Saturday, February 22, 2014

Celebrate [Positive] Change and Keep Growing

“And that is how change happens. One gesture. One person. One moment at a time.”― Libba Bray, The Sweet Far Thing

SNAGHTML557adfI woke up this morning and quiet unusually, asking myself: what can I do better in the coming weeks/months to make me more effective? Am I serving my family, place of work and community effectively as I should? And how am I responding to development challenges and things that seem to challenge my thought patterns? And then the ultimate questions followed: Am I changing (for the better) or am I still clinging to my comfort zone? Am I growing, developing or just adding the number? What do I need to change or respond positively to today?

Such questions will most certainly come from the mind of people who have decided to commit themselves to a worthy course; individuals who are determined to ensure they monitor their progress in life and especially in a new year as they set to achieve their goals in a realistic perspective. But the answers didn’t come straight away. I asked myself another critical question: why do I so resist change sometimes even though I know its for my personal benefit? A follow up question to that is why do we all generally resist change despite realizing that if we continue in our current state we are bound to fail?

According to Anna Dornier, one word explains it all – COMFORT. “People like to live in their comfort zones. Change is uncomfortable – most of the time. You have to make new connections in your brain and you have to use willpower at first before you can make any change permanent or at least long lasting.”

“One thing I’ve learned throughout the years of setting goals and the process of achieving them is that we have to be COMFORTABLY UNCOMFORTABLE. This means always challenging ourselves to step out of our comfort zones, taking our game to the next level, and being comfortable there. This means never being satisfied with good enough. This means always thinking, “What can I do better?” or wondering, “How can I improve?””

People that changed the course of human history radically first started by becoming uncomfortable with the way things were going. Despite the fact that it will be a change that promotes equality for all, William Wilberforce struggled for 20years with his fellow parliamentarians in passing the Act that led to abolition of slave trade. take a few second to imagine life today without telephone or internet [Imagine how long it will take to deliver a letter. People would put a message into a little container on a carrier pigeon's leg. The bird would fly to the person receiving the message. Fast backward to 1870s and early 1990s when although the telephone came with certain initial challenges like hundreds of telephone wires becoming common in large cities, critics who resisted the use of telephone further claimed that the cellphone microwaves could beam through human heads thereby damaging nerves.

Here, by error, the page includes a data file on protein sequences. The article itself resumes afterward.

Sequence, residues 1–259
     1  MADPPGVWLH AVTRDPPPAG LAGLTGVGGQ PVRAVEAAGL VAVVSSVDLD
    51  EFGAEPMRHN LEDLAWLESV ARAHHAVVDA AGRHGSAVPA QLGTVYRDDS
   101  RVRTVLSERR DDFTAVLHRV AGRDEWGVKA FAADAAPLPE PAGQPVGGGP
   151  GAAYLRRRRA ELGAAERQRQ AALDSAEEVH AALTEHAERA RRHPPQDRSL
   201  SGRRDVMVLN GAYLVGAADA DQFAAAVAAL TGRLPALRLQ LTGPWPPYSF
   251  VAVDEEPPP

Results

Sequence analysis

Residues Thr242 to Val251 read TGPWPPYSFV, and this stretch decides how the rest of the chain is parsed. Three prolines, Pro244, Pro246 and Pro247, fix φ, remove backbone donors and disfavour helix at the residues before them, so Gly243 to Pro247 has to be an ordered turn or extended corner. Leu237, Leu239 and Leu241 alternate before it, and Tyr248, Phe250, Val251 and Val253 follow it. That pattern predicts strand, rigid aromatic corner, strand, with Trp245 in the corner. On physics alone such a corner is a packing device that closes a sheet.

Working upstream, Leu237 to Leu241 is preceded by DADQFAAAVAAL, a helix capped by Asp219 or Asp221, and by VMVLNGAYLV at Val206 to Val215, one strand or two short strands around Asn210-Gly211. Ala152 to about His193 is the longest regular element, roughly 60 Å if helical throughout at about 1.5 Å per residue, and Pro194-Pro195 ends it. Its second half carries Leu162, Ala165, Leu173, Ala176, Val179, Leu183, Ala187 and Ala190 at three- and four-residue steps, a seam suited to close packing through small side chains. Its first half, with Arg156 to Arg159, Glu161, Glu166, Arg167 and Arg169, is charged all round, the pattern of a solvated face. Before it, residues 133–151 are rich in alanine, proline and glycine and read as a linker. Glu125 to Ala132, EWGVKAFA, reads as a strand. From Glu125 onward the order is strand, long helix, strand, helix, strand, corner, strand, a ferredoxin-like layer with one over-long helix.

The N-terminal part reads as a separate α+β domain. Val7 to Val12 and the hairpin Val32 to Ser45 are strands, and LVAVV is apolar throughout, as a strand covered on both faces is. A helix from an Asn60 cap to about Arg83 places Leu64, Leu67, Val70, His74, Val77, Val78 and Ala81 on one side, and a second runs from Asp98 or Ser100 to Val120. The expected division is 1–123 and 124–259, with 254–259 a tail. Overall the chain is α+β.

Another critical factor in making that critical change for the better is by setting up a right change support system. Many people fail to make lasting changes because they hang out with the wrong people. I once heard that we are the average of 10 people we surround ourselves with.

As much as this is about setting ourselves up for overall effectiveness, its touches briefly on accepting some changes we witness in our lives. For example wrinkles on our face, ears and nose grown larger, hair suddenly begin to recede leading to baldness. As Lao Tzu once said: “Life is a series of natural and spontaneous changes. Don't resist them; that only creates sorrow”

I am hoping that like me, some of you reading this will respond positively to changes as they confront us. I personally have to respond having travelled so far from my home country in Nigeria and now settled in Canada, I recognise everyday, the need to constantly appreciate changing cultures, environment, society etc that will ultimately make me a better person overall.

Let me conclude by retorting that its also a spiritual process as God doesn’t want us to conform but that we are constantly changing (Romans 12:2).

So keep trusting, keep believing, keep changing for the better and never give up!

Thursday, February 13, 2014

Everyday is Our Valentine!

Not too surprised to see long queues at flower stores and high orders placed on special cakes…but I am grateful that I have a wife and we keep reminding ourselves that everyday is our valentine…

Imagine how much lives can be touched, how much souls can be won for good and how much progress we can make if we take everyday as a valentine…to share and to love.